ACCI sets benchmarks for new IR system

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ACCI sets benchmarks for new IR system

The Australian Chamber of Commerce and Industry (ACCI) has outlined the measures by which employers will assess the Labor Government’s new IR system.

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The Australian Chamber of Commerce and Industry (ACCI) has outlined the measures by which employers will assess the Labor Government’s new IR system.

Legislation for the Fair Work Australia system is expected to be tabled next month.

ACCI chief executive Peter Anderson told the Industrial Relations Society of South Australia last Friday that there were five criteria against which the new system will be assessed, both initially and during its implementation.

These are that the system:

  • generates productivity and employment

  • provides IR stability and certainty

  • works under diverse economic and business conditions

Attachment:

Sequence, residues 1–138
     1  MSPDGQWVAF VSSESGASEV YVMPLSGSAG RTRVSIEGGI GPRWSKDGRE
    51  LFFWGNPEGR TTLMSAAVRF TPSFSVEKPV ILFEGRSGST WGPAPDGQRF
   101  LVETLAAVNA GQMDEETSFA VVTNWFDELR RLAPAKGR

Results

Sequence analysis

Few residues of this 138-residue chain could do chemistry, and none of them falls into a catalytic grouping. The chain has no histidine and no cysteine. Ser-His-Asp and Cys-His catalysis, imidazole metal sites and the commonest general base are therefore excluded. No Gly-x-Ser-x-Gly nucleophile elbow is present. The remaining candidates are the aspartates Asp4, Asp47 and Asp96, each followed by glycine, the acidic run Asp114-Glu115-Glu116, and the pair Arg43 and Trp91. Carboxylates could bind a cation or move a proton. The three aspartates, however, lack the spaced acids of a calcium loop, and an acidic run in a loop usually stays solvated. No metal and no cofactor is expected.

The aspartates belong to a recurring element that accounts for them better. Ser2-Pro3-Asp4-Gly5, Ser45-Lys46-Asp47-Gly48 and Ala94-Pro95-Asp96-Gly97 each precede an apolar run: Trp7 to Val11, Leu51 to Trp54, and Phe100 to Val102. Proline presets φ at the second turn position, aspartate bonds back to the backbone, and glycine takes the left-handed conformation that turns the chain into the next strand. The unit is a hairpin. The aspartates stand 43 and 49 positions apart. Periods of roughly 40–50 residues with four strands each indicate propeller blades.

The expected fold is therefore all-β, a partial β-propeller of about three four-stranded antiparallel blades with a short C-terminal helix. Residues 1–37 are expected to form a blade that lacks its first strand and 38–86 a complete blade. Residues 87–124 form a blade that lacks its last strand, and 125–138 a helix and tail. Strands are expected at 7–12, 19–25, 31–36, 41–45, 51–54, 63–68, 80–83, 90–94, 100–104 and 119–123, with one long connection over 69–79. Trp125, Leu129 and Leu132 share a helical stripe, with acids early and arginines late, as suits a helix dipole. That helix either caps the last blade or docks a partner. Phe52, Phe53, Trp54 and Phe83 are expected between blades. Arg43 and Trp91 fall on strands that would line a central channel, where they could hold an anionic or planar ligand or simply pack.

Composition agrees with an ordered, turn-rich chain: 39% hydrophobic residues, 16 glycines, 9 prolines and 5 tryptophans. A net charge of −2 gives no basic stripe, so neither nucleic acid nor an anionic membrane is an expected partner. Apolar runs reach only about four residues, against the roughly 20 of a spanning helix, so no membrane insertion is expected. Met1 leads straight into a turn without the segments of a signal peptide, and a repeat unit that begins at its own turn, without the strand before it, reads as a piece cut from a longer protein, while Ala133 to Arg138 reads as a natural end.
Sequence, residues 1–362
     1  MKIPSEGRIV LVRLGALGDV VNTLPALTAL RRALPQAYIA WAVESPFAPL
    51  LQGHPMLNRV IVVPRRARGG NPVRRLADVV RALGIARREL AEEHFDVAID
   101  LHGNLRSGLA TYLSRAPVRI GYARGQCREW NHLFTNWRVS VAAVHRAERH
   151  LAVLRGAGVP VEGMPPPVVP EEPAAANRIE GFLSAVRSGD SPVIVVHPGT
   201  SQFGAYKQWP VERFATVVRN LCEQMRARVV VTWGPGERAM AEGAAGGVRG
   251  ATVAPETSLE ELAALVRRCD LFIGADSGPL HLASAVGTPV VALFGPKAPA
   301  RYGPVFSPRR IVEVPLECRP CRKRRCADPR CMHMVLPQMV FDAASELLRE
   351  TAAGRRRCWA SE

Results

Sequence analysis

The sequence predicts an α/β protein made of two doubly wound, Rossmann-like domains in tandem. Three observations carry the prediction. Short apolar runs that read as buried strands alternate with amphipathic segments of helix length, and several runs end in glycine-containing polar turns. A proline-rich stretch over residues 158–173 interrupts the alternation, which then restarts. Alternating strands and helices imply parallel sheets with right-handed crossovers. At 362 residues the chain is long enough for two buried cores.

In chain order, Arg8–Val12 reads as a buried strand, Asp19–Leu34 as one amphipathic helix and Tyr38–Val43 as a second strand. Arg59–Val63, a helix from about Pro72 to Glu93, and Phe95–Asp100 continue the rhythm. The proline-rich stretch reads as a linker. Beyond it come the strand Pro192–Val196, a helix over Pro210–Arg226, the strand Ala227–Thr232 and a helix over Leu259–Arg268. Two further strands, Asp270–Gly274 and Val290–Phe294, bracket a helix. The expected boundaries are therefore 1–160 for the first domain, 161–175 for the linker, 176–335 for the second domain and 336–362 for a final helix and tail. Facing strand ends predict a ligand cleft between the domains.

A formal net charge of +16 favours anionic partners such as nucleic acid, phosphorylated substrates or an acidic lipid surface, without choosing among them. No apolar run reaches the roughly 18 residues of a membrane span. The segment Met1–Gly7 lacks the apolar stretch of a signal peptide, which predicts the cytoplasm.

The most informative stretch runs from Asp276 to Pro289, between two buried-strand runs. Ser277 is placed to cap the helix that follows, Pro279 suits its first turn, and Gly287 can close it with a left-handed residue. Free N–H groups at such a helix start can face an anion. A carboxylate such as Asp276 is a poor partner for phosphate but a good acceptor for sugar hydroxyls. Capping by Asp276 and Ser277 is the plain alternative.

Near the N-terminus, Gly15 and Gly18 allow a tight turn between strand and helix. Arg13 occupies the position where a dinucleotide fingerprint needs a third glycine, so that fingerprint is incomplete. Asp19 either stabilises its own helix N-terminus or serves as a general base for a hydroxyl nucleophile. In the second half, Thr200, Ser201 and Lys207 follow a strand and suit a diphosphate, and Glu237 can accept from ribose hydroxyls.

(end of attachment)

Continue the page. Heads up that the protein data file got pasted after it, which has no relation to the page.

• works in diverse employment and union contexts

  • respects employer body/union representation.

‘In the same way the union movement expects the government to deliver on the industrial relations promises it secured, so does business,’ Anderson said.

Assurance to business

ACCI also outlined ten areas where the government had given assurance to business over the past 12 months:

  1. The system would drive new productivity bargaining.

  2. Laws would take a tough stand against unlawful strikes.

  3. There would be an obligation to bargain, but no obligation to reach agreements above the safety net.

  4. Only majority votes of employees would trigger or compel bargaining.

  5. There would be no general arbitration above the safety net.

  6. The safety net would be stronger but still limited to 20 matters.

  7. Abolishing AWAs would not prevent 'beneficial' employer/employee flexibility agreements.

  8. Existing right of entry laws would continue.

  9. Bargaining would be enterprise bargaining, not pattern or industry-wide.

  10. Small business would not pay 'go-away' money in unfair dismissal cases.

‘Outlining these five principles and the ten undertakings are important markers for the business community to set, in advance of the parliamentary debate about the new laws and while the government is still finalising its plans,’ Anderson said.


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